Assessing patients' participation and quality of decision-making: insights from a study of routine practice in diverse settings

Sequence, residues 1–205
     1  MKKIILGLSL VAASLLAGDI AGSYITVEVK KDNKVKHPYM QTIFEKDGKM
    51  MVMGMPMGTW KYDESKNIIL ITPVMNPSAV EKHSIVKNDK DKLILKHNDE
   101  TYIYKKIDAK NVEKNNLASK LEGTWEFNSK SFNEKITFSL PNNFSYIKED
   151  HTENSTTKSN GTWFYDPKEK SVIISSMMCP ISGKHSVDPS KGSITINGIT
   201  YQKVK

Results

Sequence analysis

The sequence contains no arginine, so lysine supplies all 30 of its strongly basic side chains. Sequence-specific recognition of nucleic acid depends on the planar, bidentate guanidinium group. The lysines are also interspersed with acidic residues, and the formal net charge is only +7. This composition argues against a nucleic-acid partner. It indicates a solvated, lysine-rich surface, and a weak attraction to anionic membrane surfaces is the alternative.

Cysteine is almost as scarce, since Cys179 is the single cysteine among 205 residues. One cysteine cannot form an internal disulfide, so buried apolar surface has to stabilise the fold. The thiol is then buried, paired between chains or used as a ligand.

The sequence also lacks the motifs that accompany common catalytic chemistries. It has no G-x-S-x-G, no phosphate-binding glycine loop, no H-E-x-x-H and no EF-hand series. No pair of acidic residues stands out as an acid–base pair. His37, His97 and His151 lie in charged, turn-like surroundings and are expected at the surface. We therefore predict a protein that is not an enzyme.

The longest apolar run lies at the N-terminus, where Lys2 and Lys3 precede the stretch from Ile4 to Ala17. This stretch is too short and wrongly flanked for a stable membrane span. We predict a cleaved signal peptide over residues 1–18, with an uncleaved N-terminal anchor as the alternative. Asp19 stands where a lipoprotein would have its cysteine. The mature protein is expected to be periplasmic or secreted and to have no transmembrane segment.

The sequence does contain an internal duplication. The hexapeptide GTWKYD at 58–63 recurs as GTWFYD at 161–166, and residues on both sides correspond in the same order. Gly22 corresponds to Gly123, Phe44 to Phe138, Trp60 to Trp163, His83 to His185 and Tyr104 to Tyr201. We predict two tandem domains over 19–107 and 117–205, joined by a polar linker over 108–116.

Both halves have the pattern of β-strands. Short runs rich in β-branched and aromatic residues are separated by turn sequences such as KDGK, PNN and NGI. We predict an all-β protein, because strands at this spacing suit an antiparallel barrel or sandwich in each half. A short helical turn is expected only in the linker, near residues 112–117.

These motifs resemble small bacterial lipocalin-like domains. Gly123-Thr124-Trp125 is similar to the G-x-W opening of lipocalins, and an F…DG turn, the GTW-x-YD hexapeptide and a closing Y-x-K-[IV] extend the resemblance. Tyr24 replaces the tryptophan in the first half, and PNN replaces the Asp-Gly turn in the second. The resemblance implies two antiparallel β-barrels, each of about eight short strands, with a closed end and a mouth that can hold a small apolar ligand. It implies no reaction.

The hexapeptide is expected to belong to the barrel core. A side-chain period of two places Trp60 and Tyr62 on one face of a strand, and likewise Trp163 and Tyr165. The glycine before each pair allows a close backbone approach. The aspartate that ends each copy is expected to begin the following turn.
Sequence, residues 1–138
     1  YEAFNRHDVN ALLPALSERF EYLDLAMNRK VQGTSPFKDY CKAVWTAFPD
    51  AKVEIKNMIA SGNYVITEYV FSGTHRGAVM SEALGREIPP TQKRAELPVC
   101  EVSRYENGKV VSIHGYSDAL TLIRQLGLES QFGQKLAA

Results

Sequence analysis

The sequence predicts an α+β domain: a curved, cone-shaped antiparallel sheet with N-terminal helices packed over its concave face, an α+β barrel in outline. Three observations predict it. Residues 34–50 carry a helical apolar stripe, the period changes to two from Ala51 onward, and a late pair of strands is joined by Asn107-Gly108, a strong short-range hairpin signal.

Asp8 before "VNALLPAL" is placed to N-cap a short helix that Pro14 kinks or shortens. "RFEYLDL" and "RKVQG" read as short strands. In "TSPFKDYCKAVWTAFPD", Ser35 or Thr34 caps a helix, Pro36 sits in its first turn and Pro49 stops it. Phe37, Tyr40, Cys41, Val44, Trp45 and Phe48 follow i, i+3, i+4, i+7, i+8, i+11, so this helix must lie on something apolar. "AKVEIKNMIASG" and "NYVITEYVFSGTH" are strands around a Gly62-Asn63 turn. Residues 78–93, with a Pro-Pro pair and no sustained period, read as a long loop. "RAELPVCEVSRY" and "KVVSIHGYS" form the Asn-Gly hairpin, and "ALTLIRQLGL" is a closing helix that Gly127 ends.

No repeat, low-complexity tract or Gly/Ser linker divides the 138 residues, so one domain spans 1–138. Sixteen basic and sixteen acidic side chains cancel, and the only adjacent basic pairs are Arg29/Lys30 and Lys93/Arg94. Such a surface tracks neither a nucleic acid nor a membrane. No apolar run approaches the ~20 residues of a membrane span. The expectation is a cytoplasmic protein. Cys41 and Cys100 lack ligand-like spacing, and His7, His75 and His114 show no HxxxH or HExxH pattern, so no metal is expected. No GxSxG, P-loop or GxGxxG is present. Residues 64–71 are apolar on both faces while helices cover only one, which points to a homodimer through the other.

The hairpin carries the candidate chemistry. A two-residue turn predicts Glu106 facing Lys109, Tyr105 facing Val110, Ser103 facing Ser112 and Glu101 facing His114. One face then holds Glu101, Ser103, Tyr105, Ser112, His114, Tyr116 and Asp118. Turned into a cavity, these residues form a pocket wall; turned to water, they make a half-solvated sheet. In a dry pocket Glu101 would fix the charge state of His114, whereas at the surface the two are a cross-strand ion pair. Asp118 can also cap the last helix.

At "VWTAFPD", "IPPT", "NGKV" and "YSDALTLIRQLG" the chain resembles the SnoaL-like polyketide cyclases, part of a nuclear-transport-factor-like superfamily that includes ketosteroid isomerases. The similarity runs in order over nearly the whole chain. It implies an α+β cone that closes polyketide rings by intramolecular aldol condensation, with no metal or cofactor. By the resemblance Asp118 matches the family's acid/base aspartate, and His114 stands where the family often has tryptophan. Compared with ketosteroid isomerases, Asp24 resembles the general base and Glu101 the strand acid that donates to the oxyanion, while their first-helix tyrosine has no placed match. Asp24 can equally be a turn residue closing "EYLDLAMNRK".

In the context of a qualitative study exploring patients’ participation in decision-making, we investigated how people interpret and respond to structured questions about decision-making about their health care. Seventy-four participants who attended consultations in five clinical areas completed structured measures of decision-making and discussed their responses during interviews. They identified a range of decisions as having being made in their consultations. People who picked particular responses on measures of participation in and satisfaction with decision-making gave varied explanations for these, not all of which were consistent with the way their responses are usually interpreted. The interview data suggest that people’s evaluations of decisions to follow a particular course of action were influenced by various factors including what they focused on as the alternative, their perceptions of constraints on choices, and their assessment of how good the best possible solution was. Responses to simple structured measures of participation in and satisfaction with decision-making should be interpreted with caution. They are not reliably attributable to health care providers’ actions and are thus unsuitable for performance assessment purposes.